Purpose: Three decades of work to enhance the diagnostic accuracy of salivary scintigraphy have generated various plausible decision criteria. This study evaluates four commonly cited numeric indices in studies of xerostomic populations and how accurately they identify Sjögren's syndrome, chronic sialadenitis, radiation sialadenitis, and drug effects and distinguish each from the other.
Methods: Stimulated dynamic salivary scintigraphy was performed on 295 xerostomic patients and on 31 controls. The nonparametric area under the receiver operating characteristic curves expressed the diagnostic accuracy of the following scintigraphic indices: the parotid:submandibular ratio of unstimulated glandular activity, the peak:baseline uptake ratio, its time of occurrence, and the stimulated excretion fraction.
Results: The stimulated excretion fraction distinguished Sjögren's syndrome and radiation sialadenitis from healthy states with respective accuracies of 0.78 and 0.90. The maximum diagnostic payoff in Sjögren's syndrome occurred at a cutoff of 73%, yielding a 73% rate of test sensitivity and a 73% rate of specificity. The other three indices were not useful. Even the stimulated excretion fraction performed indifferently or poorly in most other diagnostic tasks.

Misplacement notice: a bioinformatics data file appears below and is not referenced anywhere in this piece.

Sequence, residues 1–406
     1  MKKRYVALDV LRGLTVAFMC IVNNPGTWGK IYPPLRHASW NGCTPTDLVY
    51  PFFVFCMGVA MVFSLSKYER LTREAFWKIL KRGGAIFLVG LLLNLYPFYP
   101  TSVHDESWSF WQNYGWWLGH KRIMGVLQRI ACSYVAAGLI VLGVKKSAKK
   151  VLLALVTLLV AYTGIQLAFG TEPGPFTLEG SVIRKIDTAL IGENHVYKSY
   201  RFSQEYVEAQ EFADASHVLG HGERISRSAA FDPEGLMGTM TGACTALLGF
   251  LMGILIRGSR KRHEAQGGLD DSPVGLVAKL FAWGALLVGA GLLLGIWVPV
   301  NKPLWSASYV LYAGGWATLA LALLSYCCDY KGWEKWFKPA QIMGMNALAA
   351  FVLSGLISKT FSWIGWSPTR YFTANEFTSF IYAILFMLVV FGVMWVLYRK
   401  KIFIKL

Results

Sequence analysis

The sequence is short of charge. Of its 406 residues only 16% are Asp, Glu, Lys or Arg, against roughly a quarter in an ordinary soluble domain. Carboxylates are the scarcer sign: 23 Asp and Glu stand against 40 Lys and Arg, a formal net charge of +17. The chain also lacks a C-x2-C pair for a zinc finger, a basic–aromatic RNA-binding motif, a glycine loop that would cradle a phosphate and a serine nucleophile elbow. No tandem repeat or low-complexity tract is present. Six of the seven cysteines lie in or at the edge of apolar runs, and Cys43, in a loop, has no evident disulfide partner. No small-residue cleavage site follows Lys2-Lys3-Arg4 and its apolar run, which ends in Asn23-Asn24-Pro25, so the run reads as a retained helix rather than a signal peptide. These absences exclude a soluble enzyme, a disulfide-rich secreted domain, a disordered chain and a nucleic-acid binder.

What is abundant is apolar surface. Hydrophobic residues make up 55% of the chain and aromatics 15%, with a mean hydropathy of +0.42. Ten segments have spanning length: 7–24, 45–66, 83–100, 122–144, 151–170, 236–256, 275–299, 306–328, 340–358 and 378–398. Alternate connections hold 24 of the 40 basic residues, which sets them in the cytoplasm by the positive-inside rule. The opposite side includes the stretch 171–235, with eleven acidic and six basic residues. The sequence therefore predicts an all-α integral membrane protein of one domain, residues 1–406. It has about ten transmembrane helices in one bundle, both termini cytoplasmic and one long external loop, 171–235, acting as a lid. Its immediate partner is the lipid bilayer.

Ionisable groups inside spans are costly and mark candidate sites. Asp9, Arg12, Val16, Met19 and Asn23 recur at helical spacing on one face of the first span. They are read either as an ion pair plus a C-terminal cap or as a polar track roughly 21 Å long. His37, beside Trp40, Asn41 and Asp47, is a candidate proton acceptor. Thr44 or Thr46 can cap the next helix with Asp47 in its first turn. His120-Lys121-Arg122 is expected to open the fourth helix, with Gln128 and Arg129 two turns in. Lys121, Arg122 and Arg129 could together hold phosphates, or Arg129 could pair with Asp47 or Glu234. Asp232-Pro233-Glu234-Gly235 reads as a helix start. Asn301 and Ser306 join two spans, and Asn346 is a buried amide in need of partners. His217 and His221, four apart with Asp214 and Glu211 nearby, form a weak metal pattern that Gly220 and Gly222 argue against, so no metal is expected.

Conclusions: In the scintigraphic examination of xerostomic and healthy populations, an acceptable diagnostic utility of the stimulated excretion fraction was evident only in Sjögren's syndrome and radiation sialadenitis. When presented with differential diagnostic alternatives not involving radiation sialadenitis, none of the four numeric indices performed acceptably.